The bottom line is clear: Our vital interests in Afghanistan are limited and military victory is not the key to achieving them. On the contrary, waging a lengthy counterinsurgency war in Afghanistan may well do more to aid Taliban recruiting than to dismantle the group, help spread conflict further into Pakistan, unify radical groups that might otherwise be quarreling amongst themselves, threaten the long-term health of the U.S. economy, and prevent the U.S. government from turning its full attention to other pressing problems. -- Afghanistan Study Group

Thursday, November 26, 2009

War News for Thursday, November 26, 2009

Statement: President Mills mourns Ghanaian soldier killed in Afghanistan:

German military's inspector general removed:

U.S. Seeks 10,000 Troops From Its Allies in Afghanistan:

UK: NATO to offer 5,000 troops for Afghanistan:

President vs. party on troop increase:

Reported security incidents

#1: One civilian was killed and another one was injured in a sticky bomb blast in eastern Baghdad, a police source said. “A bomb, attached to a civilian car, went off on Thursday (Nov. 26) in Qanat al-Jiesh street in eastern Baghdad, killing two civilians onboard and damaging the car,” the source told Aswat al-Iraq news agency.

#2: One civilian was wounded when a sticky bomb attached to his car went off, a source from the Iraqi police said on Thursday. “The blast took place in al-Maghrib St. of al-Adhamiya neighborhood, northern Baghdad,” the source told Aswat al-Iraq news agency.

#1: They said one of the Thursday attacks involved two home-made bombs that targeted a vegetables market in Mussayab, about 28 miles (45 kilometers) south of Baghdad, killing two people and injuring 26.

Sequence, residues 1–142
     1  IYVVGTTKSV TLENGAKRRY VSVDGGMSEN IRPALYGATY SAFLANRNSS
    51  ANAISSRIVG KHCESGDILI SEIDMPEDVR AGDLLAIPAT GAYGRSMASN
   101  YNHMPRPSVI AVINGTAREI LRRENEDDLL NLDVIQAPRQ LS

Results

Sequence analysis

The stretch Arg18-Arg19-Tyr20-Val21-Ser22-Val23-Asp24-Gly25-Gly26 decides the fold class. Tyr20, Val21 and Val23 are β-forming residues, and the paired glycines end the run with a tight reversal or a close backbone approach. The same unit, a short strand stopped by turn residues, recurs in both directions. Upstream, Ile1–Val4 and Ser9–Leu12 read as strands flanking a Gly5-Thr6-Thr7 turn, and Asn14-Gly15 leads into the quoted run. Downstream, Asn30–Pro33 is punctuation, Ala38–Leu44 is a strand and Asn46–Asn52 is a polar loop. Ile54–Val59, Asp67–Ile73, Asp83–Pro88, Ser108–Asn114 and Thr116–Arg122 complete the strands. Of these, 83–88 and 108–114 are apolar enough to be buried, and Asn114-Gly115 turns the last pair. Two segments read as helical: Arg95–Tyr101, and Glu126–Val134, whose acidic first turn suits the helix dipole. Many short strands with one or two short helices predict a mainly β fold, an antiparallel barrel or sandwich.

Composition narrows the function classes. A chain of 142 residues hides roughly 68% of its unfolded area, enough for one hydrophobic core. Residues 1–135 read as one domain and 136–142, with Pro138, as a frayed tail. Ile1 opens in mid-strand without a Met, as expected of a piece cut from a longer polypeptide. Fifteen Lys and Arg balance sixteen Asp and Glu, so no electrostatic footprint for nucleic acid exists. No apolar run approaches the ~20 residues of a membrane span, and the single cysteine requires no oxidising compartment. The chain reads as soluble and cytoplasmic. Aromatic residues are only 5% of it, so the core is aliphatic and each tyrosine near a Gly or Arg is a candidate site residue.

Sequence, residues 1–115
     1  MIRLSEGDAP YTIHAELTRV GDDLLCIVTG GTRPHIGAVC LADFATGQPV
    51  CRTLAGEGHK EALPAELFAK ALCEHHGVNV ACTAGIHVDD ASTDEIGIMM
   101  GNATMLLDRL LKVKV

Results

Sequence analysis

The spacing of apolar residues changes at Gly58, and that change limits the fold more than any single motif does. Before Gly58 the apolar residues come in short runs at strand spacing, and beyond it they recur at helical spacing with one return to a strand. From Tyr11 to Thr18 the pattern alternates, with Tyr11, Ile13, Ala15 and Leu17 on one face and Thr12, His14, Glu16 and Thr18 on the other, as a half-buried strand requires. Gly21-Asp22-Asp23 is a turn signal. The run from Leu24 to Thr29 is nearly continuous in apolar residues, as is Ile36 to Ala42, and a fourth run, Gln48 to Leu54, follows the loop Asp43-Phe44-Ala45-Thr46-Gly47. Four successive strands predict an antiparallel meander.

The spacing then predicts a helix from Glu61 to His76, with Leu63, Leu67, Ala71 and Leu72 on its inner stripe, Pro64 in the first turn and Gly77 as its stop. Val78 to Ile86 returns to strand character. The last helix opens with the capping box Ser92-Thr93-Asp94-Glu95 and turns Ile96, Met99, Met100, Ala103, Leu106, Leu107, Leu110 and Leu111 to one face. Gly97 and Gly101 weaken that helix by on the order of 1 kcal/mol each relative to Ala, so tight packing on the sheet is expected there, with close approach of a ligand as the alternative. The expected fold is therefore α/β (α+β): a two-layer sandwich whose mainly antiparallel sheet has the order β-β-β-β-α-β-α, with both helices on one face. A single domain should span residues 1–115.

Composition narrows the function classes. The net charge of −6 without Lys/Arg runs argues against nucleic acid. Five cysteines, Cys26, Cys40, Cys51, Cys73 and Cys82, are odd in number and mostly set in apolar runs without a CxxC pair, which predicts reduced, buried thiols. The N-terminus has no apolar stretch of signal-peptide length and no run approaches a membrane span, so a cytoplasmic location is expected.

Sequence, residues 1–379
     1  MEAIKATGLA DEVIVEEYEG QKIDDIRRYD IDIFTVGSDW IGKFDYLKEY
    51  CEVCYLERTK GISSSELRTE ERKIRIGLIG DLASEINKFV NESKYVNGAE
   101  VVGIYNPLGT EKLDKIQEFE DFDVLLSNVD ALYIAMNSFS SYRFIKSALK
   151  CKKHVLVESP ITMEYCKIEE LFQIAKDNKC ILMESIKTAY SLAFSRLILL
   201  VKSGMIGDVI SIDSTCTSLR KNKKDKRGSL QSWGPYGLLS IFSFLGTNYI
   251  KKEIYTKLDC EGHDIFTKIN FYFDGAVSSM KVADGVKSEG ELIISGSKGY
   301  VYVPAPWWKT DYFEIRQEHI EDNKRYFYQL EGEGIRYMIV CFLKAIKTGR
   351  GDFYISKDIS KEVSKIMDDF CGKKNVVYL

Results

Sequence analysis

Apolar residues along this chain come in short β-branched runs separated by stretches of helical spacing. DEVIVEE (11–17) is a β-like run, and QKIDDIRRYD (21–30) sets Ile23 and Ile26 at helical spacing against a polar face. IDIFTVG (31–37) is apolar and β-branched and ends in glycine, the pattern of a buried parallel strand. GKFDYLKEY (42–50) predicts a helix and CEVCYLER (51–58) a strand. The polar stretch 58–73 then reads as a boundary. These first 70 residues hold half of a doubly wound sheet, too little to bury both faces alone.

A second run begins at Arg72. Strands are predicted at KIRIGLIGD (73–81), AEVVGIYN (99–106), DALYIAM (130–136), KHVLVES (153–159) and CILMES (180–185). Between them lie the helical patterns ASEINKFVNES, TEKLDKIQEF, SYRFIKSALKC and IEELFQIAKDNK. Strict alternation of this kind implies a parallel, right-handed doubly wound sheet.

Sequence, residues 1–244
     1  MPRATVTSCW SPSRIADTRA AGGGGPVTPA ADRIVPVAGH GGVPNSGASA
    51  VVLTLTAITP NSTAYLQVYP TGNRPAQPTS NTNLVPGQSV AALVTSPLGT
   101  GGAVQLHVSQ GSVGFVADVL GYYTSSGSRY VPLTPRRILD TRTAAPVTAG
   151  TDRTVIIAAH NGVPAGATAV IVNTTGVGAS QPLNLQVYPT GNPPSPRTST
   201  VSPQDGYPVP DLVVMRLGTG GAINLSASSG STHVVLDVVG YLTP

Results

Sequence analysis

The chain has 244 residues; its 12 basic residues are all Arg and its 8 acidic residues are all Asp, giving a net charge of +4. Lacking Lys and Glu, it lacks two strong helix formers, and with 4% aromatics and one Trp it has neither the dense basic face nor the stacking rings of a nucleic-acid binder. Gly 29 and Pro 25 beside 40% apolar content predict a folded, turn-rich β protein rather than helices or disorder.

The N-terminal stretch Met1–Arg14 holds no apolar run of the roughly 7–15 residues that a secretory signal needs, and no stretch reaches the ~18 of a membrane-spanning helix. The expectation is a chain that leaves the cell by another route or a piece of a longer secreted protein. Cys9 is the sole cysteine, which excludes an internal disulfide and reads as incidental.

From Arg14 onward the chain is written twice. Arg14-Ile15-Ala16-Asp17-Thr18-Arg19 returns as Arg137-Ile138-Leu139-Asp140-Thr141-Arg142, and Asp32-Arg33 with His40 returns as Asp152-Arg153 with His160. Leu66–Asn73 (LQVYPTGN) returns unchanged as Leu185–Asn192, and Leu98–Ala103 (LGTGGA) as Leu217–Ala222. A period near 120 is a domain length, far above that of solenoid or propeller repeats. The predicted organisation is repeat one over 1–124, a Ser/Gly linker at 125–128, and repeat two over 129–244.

#1: The second attack took place two hours earlier when a car bomb hit a suburban bus station in the Youssifiyah area just south of Baghdad. Two people were killed and six injured in that attack.

#1: A cart rigged with explosives on Wednesday went off in northern Mosul, causing no casualties, according to a local security source.

#2: Gunmen killed a civilian and wounded another when they opened fire on their vehicle in western Mosul, 390 km (240 miles) north of Baghdad, on Wednesday, police said.

Afghanistan: "The Forgotten War"
#1: Officials say a helicopter belonging to an international military contractor has gone missing in Afghanistan. NATO spokesman Maj. Steven Coll said Thursday that a helicopter for Supreme Global Service Solutions has been missing since late Tuesday. A representative for Supreme, which supplies food and logistics services to the military, declined to comment. A spokesman for eastern Logar province's government said that they were searching for the craft in Kharwar district. Din Mohammad Darwirsh said they did not have any confirmation of a crash and no one had seen any wreckage. He said international military forces and local police were conducting the search.

However, Taliban purported spokesman Zabihullah Mujahid in talks with media via cell phone from undisclosed location claimed that his men crashed a helicopter in Logar, saying that they have had the wreckage.

#2: Two policemen were critically injured in a remote controlled explosion on the outskirts of this North West Frontier Province (NWFP) capital Thursday. The remote-controlled device was planted near a school and a power pylon in the congested Rasheedabad area. It went off when station house officer Riaz-ul Islam, accompanied by his police guard, was driving to his office in his private car, Online news agency reported.

#3: Eight militants were killed as Afghan and U.S.-led forces responded their attack in eastern Paktika province in Afghanistan, provincial administration spokesman said on Thursday. "A group of Taliban militants attacked Afghan National Army (ANA) convoy in Sarhawza district late Wednesday," Hamidullah Jawak told Xinhua. To respond the attack, he said ANA called on coalition troops and U.S.-led forces. Gunship helicopters pounded the position, killing eight rebels.